“Reykjavik’s just trying to take your money” said the man at the rental car office. His face looked like he wanted to use stronger words. We were taking over the driver contract on the car Niels’ sister had rented and had been driving us around in for a few days. He was trying to help us avoid costly fees for scratches that previously existed on the car, which the other rental office neglected to mark down on the paperwork. Unbeknownst to him, he was only confirming what we had been feeling during our first few days in Iceland: swindled, nickeled and dimed.
Let me be clear, Iceland is one of the most beautiful countries we have ever visited and completely worth visiting. It just may not have been the best choice for a budget honeymoon around the world. Everything costs money, even the bathrooms. This is something we’ve encountered in many countries, but in a place where the cheapest camping is on a patch of lawn at the town park and costs $34USD, you expect some amenities.
We thought once we got on the ground we would be able to travel-hack past our research that told us Iceland was expensive. We’ve hacked our way past a lot of challenges, but of course at a certain point, you can’t drive down the cost of a loaf of bread. However, we are enjoying drinking some of the cleanest water on Earth for free and right from the tap, which is a pleasant change from our Peruvian travels!
(Photo by Grace Kathryn Photography: www.grace-kathryn.com)
The budget isn’t the only challenge in Iceland. We’re definitely suffering from what we are calling “internet let down.” We’ve spent years yearning to see the raw, untouched beauty captured in photographs of Iceland…and so has everyone else. It’s silly, we know, but a part of us really didn’t expect to walk up to an epic waterfall to find hundreds of raincoats dotting the landscape like a child’s Lite-Brite toy (remember that childhood favorite?).
We knew that Cusco and Machu Picchu would be jam-packed, but nature and tourism just don’t jive as much in our brains as an ancient city and famous ruins. We’re used to being the only people off the beaten path, braving the intense biting cold gusts of wind and rain.
So, to counter the one million tourists that visit Iceland every Summer, we’ve done something pretty drastic: we’ve gone nocturnal. We realized this was a great option when we were having trouble sleeping because of the midnight sun Iceland experiences in the Summer. Camping at the base of epic Skogafoss, at 1am we realized there was one man hiking up the trail next to the waterfall. One. Everyone else was asleep in their tents or the hotel a few feet away. With the light of a normal gray afternoon, we donned our rain gear and walked to the base of the largest waterfall we’d ever seen.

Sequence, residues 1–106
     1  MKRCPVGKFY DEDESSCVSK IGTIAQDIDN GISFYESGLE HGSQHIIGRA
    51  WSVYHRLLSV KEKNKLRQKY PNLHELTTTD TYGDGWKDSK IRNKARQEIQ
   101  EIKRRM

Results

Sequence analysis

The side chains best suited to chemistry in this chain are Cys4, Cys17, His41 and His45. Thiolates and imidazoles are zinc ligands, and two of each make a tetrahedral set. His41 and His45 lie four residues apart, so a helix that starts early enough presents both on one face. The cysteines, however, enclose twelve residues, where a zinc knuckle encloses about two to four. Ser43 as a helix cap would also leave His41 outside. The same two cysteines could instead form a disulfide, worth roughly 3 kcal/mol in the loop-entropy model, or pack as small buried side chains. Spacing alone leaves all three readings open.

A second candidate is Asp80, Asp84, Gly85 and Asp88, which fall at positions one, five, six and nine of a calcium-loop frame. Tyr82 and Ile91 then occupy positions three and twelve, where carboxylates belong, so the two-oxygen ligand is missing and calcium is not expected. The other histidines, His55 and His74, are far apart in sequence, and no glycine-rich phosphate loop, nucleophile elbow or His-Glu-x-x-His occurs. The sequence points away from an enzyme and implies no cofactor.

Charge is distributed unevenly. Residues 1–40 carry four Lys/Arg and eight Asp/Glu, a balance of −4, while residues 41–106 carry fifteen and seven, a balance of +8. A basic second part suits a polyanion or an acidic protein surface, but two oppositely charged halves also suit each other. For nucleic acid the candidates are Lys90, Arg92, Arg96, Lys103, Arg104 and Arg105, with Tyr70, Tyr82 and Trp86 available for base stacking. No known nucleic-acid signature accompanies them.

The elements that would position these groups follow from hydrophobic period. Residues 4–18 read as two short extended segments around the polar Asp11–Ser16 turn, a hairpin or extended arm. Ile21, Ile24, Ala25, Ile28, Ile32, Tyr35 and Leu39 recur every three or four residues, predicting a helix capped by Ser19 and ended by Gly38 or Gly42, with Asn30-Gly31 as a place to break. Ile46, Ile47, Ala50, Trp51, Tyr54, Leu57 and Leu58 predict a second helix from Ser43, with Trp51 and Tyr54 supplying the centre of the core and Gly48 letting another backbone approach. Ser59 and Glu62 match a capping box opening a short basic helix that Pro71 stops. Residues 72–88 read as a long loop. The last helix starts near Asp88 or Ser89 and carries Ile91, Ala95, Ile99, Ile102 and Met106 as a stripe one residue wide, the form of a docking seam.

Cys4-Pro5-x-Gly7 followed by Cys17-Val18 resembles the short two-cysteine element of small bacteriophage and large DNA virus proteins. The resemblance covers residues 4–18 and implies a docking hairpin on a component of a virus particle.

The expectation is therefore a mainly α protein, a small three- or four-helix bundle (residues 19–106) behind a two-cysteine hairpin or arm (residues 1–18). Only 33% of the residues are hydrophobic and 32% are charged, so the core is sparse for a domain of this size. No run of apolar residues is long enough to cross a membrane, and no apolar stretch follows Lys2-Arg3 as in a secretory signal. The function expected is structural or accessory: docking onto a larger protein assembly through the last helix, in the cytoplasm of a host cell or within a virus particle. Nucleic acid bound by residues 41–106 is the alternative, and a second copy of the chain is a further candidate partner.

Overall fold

The roar of the water was outrageous. Nothing else filled our ears except the sound of the water folding over onto itself. The spray was so thick we could barely see one another so we held hands as we marched forward against what felt like a torrential rain. On the side of the falls we discovered a tiny, mossy cave that was perfectly sized for us, and even had a rocky seat. In that moment, it was only us and the waterfall. We finally had the time to really take in our reality fully with all our senses without yelling tourists, blurs of color obscuring the view, and people precariously climbing rocks in a life and death game of one-upmanship to capture their Internet-worthy photos. We were in Iceland on our honeymoon! Our hearts swelled with gratitude for the moment we found to appreciate raw beauty and the solitude with nature we had so coveted.
We decided to embrace the land’s false night and capitalize on the sun’s omnipresence. Now, here we are, waking in our tent in a field overlooking the sea, with sheep passing us casting curious looks.
It’s our morning at 3pm and we’re doing morning things as cars rush by, winding down their day of sightseeing. We’re remembering our night before when we followed the winding roads and stumbled upon hot springs on a hill surrounded by the mountains, where we soaked alone for hours at 2am.
We’d finally found our off-the-beaten-path Iceland, we just had to work a little harder for it. But we’re okay with that. Iceland’s worth it.
Couple a Wanderers (Camille and Niels)